Usher turns up the volume to serve on mission team

Usher turns up the volume to serve on mission team

Larry Weeks of Eagle River installs insulation in a triplex owned by KICY radio during a mission trip to Nome. He was one of three people from CCC to help with the project.

By Mary M. Rall
Community Covenant Church

EAGLE RIVER, Alaska — Head usher Larry Weeks put down the offering basket and picked up a hammer as a member of a construction mission team from Community Covenant Church that served the KICY radio ministry in Nome May 14-17.

The three-man team also included fellow Eagle River residents Brad Bistodeau and Rick Fagan, who Weeks said aided in the construction of a triplex owned by KICY.

“We got all the insulation in except the attic stuff, which was kind of dangerous,” Weeks said, adding the team also put up a significant amount of plastic sheeting used for waterproofing on the 4,000-square-foot structure.

“For just the three of us, we did quite a bit,” he said.

This was the second summer in a row Weeks and Bistodeau have traveled to Nome in support of the construction project, which Weeks said has come a long way in a year.

“It was just a basic frame…and part of the roof was done,” he said of the state of the structure in 2014.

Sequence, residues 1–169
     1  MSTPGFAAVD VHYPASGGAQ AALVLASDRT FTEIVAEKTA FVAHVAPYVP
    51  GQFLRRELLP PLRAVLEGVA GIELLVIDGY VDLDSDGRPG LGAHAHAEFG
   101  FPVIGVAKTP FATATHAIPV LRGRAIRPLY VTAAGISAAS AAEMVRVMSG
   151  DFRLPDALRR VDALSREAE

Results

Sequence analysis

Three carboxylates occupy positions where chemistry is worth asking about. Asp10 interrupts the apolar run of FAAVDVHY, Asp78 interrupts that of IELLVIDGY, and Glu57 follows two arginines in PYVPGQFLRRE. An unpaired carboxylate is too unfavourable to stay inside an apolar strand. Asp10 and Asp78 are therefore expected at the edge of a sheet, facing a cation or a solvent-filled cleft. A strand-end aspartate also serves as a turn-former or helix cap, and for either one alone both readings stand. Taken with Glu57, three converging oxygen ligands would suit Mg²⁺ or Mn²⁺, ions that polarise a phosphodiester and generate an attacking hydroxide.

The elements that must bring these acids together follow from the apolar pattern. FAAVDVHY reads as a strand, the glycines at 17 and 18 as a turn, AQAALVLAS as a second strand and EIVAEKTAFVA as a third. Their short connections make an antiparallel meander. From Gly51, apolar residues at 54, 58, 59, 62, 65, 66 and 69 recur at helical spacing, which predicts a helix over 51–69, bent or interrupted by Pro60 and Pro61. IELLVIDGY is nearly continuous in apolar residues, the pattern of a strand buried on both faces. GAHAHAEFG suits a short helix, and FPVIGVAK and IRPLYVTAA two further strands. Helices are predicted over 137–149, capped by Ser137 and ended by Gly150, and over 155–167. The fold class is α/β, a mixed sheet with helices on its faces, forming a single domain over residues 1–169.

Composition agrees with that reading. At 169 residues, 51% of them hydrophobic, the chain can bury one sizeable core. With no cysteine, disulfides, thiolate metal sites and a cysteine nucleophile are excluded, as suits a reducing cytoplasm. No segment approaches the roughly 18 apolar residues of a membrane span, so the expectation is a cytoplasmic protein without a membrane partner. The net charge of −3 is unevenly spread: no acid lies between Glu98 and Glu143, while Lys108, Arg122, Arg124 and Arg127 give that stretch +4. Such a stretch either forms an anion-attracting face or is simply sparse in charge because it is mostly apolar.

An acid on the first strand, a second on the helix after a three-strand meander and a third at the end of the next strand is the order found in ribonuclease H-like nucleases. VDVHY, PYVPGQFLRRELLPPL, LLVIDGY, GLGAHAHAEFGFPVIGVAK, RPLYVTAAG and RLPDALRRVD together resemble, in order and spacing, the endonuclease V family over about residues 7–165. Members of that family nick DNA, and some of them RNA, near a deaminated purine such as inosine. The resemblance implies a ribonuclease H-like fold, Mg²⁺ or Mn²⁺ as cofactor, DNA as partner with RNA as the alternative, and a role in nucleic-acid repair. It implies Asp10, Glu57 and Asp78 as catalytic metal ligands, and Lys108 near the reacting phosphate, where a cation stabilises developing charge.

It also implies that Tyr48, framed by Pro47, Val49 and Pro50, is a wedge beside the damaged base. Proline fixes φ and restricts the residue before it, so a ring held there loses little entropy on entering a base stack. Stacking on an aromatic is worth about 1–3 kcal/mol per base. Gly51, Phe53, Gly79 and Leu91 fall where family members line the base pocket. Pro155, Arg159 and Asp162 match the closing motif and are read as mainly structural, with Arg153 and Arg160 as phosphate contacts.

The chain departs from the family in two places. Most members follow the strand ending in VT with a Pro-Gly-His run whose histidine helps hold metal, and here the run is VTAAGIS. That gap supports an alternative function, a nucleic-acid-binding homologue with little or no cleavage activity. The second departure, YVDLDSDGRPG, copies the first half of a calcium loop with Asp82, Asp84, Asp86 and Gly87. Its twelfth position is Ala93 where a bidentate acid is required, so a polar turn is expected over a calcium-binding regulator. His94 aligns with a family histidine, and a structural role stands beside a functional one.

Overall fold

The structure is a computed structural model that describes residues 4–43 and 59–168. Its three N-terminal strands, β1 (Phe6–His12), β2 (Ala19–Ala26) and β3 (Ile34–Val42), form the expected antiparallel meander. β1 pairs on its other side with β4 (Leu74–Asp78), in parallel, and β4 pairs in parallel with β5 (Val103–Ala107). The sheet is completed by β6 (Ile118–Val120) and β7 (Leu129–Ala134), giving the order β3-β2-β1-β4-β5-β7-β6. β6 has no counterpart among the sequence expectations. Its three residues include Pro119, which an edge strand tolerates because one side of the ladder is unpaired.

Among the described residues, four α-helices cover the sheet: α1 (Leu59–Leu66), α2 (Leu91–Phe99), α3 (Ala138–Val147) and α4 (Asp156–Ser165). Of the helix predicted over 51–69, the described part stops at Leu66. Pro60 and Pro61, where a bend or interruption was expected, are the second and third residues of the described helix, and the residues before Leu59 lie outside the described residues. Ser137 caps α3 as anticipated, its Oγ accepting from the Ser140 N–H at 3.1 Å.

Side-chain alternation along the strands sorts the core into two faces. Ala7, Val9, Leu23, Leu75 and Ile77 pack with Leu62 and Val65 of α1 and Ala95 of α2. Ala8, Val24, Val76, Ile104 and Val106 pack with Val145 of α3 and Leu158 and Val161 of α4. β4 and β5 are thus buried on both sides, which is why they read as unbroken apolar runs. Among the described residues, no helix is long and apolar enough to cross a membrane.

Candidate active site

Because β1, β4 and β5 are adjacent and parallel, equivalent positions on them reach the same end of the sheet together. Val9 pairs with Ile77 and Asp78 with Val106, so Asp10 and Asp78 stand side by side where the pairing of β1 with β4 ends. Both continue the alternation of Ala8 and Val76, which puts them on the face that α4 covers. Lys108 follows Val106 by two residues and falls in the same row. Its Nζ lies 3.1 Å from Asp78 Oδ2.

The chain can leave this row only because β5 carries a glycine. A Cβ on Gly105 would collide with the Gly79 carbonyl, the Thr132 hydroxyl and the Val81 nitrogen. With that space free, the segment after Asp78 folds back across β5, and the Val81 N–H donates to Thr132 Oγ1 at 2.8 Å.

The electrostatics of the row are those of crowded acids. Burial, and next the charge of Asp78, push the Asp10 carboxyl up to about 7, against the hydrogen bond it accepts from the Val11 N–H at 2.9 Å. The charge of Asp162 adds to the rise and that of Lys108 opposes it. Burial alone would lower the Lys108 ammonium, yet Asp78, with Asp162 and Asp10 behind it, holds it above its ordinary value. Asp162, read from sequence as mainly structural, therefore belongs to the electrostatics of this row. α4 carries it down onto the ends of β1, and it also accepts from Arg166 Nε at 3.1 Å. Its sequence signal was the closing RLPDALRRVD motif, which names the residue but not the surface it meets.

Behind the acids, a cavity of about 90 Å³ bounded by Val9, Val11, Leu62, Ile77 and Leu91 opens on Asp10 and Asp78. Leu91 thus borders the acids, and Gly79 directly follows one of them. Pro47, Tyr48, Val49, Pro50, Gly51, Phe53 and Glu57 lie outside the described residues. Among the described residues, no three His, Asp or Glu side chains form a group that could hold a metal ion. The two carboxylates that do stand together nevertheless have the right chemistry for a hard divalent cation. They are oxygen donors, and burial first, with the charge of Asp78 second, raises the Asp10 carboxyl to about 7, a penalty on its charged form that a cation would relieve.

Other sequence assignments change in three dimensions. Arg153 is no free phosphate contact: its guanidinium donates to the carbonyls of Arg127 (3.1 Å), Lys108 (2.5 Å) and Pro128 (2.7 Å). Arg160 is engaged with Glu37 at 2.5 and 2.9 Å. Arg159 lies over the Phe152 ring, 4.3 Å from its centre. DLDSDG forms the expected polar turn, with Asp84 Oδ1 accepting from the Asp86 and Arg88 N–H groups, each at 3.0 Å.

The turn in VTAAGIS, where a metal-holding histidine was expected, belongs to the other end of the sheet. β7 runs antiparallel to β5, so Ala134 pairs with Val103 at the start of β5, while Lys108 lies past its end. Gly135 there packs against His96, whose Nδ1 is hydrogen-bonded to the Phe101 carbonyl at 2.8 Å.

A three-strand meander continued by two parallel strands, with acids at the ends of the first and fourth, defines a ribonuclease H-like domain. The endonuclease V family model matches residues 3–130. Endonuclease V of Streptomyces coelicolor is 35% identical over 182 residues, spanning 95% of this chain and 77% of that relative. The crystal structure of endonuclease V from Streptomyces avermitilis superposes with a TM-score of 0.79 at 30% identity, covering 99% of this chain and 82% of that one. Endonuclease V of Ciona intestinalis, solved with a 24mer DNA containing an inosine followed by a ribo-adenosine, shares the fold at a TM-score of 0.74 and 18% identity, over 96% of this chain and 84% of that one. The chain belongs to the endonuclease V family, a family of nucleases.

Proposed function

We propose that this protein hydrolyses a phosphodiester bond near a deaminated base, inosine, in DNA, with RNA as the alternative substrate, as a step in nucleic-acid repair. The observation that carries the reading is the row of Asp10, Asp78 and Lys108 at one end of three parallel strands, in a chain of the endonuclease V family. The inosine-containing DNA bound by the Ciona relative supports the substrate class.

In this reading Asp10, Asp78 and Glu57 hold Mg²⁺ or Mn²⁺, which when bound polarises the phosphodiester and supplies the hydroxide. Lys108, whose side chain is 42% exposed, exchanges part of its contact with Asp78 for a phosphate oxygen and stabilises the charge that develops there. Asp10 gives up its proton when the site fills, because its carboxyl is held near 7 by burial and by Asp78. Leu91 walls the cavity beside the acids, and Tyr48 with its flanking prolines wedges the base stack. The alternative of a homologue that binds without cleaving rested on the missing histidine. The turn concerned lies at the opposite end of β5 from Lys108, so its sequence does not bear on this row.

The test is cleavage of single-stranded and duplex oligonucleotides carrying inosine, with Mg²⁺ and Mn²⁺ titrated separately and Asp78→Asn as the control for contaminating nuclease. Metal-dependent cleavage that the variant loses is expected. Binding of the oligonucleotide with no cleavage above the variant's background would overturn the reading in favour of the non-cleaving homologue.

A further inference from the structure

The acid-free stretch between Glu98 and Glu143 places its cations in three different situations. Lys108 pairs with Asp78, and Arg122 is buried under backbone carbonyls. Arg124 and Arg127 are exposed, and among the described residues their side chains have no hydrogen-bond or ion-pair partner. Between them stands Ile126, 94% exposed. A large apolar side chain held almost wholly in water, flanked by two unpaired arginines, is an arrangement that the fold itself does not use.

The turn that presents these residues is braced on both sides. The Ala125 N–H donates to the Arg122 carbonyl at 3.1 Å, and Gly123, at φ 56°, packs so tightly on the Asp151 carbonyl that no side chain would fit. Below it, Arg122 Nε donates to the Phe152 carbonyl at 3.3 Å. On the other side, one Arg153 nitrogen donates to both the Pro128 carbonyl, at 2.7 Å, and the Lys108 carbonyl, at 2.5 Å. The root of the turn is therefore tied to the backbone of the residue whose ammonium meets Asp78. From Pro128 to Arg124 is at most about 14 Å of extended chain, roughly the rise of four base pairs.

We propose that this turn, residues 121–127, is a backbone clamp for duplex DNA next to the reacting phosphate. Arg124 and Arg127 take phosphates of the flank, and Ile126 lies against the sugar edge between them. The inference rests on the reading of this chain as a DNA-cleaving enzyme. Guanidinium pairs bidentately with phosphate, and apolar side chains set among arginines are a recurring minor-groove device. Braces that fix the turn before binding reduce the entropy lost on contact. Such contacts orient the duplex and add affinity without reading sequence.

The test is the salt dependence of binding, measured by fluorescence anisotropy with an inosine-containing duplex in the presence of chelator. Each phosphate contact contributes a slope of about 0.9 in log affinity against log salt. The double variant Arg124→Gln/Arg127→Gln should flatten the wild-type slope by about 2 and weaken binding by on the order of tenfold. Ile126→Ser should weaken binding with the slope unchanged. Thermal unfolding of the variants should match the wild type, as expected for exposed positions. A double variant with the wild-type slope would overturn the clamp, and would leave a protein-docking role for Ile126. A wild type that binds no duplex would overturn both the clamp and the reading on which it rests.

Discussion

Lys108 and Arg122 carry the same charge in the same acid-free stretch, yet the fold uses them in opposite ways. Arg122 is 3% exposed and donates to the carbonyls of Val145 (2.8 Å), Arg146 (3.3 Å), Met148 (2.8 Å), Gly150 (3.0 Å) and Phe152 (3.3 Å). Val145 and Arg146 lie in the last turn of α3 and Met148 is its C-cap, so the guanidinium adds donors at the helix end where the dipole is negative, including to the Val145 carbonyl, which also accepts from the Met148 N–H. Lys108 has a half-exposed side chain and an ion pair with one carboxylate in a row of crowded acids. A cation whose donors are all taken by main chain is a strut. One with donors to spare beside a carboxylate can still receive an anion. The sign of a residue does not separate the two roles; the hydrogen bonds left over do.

“We put on all the windows, a few of the interior walls and the Fasia board that goes around the outside.”

The project is now close to being finished, though, and Weeks estimates it’ll be well on its way to being rented by KICY to help offset the costs of running the station in just a couple of months.

“Their electricity bill is extremely high, so this triplex will help offset that,” he said. “It will help keep the radio station going.”

Keeping the Evangelical Covenant Church non-profit radio station running may be vital to allowing God’s message to reach more than 40 Native Alaskan villages throughout Western Alaska, as well communities in the Russian Far East.

“As long as we keep the radio station on the air in today’s unsettled world, it’s a light,” Weeks said.

“That’s the way I feel. It’s a light in the darkness.”

Mission teams from throughout the country have assisted in the triplex project, and Weeks recognizes he was just one of many people to help keep the 50,000-watt outreach the station has been providing from Northwestern Alaska going since it began in 1960.

“I feel like I’m part of God’s work—just a little piece,” he said with a laugh. “Just one of the many ants in the anthill.”

The retired firefighter also chuckled at the notion of being handy, and said making a difference on a short-term mission project is more about attitude than skill.

“I’m not a professional, but I guess I’m an amateur at everything,” he said. “You have to have the motivation to believe what you’re working for is going to serve a good purpose. If you have that, then you can get things done.”

Likewise, Weeks said mission team members have to accept they may never realize the long-term impacts of their work, especially when there’s often no way to know who’s receiving the message the station is broadcasting.

“They have to realize what they’re going up there for, what the mission is,” he said. “You may not see results right away, but God works differently. His ways aren’t our ways, but the end result is to get the message out and to help people.”

The ministry broadcasts 24 hours a day at KICY AM-850 and ICY 100.3 FM. More information on the station’s outreach and live audio streaming of its broadcasts are also available online at www.kicy.org.